Two trends in gaming have dominated our fair market as of late. We have a surge of very similar Tower Defence games to match many casual gamers now purchasing smart phones, and we also have an obsession with retro gaming in all shapes and forms. Merging these two populist gaming styles together is Puppy Games, with their highly polished Revenge of the Titans. It is a well made Tower Defence at its core with an extra dosing of strategy thrown in for good measure, but there are one or two issues that will put off a majority of more casual players.
Those of you familiar with any Tower Defence games with a science fiction setting will feel comfortable with Revenge of the Titans. The Titans, a bizarre alien race that look like rabid dog monsters, are attacking earth. It is up to you to stop their onslaught by strategically using your resources to build new technology and weapons that will slay the alien menace.
The standard Tower Defence formula is largely unchanged in Titans, with the eponymous aliens marching upon your base at a steady rate. What mixes things up somewhat is the infusion of basic RTS components. The big one is resources, with all turrets costing a set amount of cash that you must earn by placing refineries on resource points. The other element is that the Titans can attack your structures. It’s such a simple change, but it turns the usually leisurely pace of the Tower Defence game into a hectic battle for survival. It is tough, and you will wind up barely clawing victory from the jaws of defeat on multiple occasions.
Whilst these RTS inclusions are fun, it is the persistent tech and research elements that starts to drag things downhill. At the beginning of each new level you may choose one new technology, ranging from new blaster and refinery types to research options that further expand your weapon selection. It’s a feature that gives the game a great sense of progression, though at a hefty price. Each new enemy type that is introduced has a specific weakness and, as many of the weapons required to exploit these Achilles heels need a few research options opened up first, you can often find yourself overwhelmed by enemies that you can’t get a counter to for the next few levels. It is frustrating, and the lack of advanced warning before these sorts of situations is a real pain. The truly dedicated will find a way around it and be able to persevere, but I can see more casual players giving up at moments like these. The difficulty of Titans usually gives it a great “just one more try sort of feel,” but times like these made me want to throw in the towel.
While we’re on the topic of enemy types, there is another issue: They all look very similar. The game adopts a retro style that, despite being very gripping and vivid, is flat across the board. It’s quirky and fun, but it results in turret and enemy sprites all looking near identical. The levels suffer a bit from this monotony as well, though not to the same extent. There is also the issue of the interface being slightly cluttered. If you invest enough time to learn the shortcut commands for each building then this isn’t a problem, but more casual players who are going to rely on the standard point and click method of building selection will find that the tiny icons and lack of immediate feedback on structure prices will limit their enjoyment somewhat.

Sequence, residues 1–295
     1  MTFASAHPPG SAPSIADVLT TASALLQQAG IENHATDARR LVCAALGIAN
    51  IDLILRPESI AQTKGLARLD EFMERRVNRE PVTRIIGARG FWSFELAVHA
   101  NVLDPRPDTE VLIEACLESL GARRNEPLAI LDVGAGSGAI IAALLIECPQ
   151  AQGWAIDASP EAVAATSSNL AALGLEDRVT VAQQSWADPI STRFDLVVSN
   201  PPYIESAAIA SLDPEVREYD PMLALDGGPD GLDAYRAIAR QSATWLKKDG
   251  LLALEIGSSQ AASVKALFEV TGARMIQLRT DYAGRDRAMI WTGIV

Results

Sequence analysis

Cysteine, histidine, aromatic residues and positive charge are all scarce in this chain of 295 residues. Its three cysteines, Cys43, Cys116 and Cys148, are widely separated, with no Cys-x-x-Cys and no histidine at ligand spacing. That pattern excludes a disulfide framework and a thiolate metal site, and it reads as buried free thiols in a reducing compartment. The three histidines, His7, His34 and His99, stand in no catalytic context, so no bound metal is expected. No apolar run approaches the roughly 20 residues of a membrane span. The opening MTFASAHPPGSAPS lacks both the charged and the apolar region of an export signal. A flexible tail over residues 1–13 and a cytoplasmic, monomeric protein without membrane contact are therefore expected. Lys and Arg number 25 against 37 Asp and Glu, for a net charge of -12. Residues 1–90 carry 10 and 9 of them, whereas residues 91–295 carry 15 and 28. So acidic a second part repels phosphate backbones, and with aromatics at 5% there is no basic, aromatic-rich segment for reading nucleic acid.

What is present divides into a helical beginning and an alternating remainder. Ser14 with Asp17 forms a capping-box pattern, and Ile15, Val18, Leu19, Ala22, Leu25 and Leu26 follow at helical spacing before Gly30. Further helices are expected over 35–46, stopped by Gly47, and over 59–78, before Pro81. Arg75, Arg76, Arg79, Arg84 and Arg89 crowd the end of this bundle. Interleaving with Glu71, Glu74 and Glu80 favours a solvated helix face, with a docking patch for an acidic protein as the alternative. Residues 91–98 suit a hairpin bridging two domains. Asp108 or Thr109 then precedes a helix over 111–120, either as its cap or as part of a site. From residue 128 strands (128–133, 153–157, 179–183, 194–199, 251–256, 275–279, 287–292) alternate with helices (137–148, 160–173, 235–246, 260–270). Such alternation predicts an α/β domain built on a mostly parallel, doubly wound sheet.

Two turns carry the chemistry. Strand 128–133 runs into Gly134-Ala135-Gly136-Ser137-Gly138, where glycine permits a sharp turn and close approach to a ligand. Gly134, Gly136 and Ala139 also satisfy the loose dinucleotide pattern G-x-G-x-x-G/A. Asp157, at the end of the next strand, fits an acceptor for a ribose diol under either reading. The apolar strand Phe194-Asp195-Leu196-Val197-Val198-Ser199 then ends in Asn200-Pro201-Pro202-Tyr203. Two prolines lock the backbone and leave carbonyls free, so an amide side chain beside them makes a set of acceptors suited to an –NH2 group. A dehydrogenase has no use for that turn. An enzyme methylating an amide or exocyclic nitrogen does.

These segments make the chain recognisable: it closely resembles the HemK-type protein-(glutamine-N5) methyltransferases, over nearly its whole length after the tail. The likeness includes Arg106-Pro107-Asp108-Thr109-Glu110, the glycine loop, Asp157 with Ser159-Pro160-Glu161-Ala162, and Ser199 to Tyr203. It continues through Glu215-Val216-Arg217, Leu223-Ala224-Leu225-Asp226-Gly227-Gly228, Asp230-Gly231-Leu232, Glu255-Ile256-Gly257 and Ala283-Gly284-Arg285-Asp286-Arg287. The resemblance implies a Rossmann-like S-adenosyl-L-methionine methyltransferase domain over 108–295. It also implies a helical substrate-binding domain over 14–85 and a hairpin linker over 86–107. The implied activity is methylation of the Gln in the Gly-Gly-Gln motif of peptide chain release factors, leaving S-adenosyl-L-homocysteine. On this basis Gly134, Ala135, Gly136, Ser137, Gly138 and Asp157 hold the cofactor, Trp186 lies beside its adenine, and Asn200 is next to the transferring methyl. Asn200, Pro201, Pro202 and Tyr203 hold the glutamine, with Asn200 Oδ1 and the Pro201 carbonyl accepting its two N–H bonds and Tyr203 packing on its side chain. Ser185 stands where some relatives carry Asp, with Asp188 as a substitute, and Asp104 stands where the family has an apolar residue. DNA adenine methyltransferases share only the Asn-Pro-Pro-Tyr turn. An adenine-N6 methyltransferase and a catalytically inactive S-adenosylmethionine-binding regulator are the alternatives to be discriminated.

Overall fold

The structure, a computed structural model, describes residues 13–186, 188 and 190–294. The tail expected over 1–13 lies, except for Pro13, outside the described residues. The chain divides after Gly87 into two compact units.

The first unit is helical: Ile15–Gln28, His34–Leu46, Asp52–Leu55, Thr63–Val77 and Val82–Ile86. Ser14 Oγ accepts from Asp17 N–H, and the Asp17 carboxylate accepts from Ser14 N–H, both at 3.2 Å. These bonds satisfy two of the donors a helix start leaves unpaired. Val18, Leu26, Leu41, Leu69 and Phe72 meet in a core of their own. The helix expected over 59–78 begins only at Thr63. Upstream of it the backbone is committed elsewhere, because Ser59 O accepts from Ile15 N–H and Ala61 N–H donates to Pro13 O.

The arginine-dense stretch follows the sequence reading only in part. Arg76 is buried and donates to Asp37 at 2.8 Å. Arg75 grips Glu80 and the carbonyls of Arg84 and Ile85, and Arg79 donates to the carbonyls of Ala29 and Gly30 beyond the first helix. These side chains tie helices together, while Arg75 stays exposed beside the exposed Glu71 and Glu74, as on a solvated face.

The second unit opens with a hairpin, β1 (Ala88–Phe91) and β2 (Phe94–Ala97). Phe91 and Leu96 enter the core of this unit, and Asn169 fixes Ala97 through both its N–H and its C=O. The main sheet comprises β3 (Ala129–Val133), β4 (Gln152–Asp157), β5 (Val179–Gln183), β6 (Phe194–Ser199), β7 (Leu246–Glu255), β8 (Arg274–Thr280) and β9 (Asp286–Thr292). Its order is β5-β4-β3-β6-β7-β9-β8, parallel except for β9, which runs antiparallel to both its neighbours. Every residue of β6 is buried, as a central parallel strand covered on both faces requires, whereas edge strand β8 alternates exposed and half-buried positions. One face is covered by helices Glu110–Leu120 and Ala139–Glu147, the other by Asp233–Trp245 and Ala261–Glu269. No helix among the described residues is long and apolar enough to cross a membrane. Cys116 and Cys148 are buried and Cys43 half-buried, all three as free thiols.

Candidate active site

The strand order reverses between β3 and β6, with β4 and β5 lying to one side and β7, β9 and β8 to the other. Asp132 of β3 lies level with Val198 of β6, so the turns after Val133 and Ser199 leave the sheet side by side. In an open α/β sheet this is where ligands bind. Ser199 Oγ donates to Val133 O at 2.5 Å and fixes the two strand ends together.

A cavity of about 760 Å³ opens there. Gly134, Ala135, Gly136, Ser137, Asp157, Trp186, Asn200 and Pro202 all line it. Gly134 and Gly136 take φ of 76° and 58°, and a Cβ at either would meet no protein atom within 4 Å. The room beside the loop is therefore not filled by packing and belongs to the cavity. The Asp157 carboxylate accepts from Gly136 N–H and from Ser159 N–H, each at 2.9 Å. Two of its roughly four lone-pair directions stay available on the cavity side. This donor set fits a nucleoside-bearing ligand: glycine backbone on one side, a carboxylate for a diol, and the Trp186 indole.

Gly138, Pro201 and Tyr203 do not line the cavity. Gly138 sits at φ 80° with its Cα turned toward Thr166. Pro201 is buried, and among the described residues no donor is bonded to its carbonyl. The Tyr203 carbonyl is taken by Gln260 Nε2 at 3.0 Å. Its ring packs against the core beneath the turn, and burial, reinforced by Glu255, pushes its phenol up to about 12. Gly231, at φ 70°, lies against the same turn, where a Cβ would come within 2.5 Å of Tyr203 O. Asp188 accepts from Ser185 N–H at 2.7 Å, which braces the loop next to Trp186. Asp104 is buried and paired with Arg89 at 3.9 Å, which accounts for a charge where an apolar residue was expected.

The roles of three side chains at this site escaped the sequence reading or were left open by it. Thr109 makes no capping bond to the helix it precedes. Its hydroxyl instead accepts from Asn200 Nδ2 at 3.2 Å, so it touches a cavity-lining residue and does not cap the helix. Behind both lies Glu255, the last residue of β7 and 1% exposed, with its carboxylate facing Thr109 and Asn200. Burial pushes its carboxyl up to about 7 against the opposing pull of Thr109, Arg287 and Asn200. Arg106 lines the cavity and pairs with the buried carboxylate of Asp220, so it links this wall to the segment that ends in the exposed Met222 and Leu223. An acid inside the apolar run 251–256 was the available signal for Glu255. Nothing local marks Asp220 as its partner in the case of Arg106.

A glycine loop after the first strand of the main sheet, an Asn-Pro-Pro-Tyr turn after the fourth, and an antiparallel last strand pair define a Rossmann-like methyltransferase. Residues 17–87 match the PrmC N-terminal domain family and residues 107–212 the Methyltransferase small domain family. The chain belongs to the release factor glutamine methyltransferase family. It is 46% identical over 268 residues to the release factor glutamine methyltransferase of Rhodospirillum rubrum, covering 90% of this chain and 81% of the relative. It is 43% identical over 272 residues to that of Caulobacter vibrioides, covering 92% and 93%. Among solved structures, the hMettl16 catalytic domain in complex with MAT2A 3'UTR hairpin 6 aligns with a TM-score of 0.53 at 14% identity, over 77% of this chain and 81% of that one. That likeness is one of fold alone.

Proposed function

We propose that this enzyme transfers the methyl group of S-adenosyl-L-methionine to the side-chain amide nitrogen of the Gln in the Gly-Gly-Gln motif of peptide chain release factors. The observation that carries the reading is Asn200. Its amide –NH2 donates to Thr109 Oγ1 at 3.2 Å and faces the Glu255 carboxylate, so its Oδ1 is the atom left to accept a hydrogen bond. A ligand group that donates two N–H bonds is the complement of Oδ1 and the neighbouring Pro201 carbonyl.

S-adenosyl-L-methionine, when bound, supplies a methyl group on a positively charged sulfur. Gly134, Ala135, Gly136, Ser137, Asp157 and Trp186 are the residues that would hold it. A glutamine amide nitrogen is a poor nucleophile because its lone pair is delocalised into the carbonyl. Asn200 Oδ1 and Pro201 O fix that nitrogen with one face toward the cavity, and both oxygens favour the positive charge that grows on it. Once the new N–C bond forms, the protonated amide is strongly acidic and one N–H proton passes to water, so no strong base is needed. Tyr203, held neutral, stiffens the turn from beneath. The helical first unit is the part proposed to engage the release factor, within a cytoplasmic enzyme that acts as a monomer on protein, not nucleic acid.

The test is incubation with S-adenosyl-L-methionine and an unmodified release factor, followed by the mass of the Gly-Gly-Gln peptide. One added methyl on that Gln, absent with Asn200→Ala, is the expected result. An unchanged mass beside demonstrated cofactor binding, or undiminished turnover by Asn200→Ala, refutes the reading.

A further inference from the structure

Though the game won’t appeal to all demographics, those who dig Revenge of the Titans will find a lot to love. The campaign alone is extensive, and the endless and survival modes will keep keen players coming back for more. The new boxed addition we received for review also allows players to get a free digital copy of the game via Steam, which means that players will get the updates and DLC for free as they come out. It all makes for a value for money package, provided it’s your sort of thing.
Revenge of the Titans, despite relying heavily upon genre conventions and gaming history references, manages to change enough standard formulas to feel fresh and original. In a climate of low difficulty and hand-holding in the games industry, a truly tough title is satisfying. Be aware if you’re looking for a more forgiving strategy title that Revenge of the Titans won’t be for you however. It’s fun, frantic and, unfortunately, a little unfair from time to time. If you think you can break through these minor niggles, then expect Revenge of the Titans to be a worthy use of your time.
This game was reviewed on the PC.
More strategic than the average Tower Defence title, A hectic experience, Quite addictive, Lots of levels, Cool retro aesthetic
Enemy and turret sprites are very repetitive, Not much diversity between levels, Poorly signposts what tech will be effective in later levels, Very unforgiving, Can get repetitive, Interface isn't especially intuitive
A more hectic take on the Tower Defence genre, Revenge of the Titans offers a retro styled experience with a highly strategic twist. Addictive gameplay and a cool visual style are not enough to completely mask the game's eclectic balancing and repetitive sprites